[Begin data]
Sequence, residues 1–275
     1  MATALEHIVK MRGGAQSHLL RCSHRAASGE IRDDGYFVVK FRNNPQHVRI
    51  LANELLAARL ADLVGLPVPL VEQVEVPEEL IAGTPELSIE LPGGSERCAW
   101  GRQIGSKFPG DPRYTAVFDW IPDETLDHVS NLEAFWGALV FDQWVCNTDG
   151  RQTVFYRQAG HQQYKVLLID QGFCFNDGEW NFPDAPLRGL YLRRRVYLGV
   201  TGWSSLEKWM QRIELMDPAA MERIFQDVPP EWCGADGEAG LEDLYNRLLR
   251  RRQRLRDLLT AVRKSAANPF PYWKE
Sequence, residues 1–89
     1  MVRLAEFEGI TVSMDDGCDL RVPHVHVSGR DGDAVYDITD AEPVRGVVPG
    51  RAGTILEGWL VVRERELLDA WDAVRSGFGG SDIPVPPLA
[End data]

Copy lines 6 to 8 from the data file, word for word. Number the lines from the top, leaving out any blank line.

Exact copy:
   201  TGWSSLEKWM QRIELMDPAA MERIFQDVPP EWCGADGEAG LEDLYNRLLR
   251  RRQRLRDLLT AVRKSAANPF PYWKE
Sequence, residues 1–89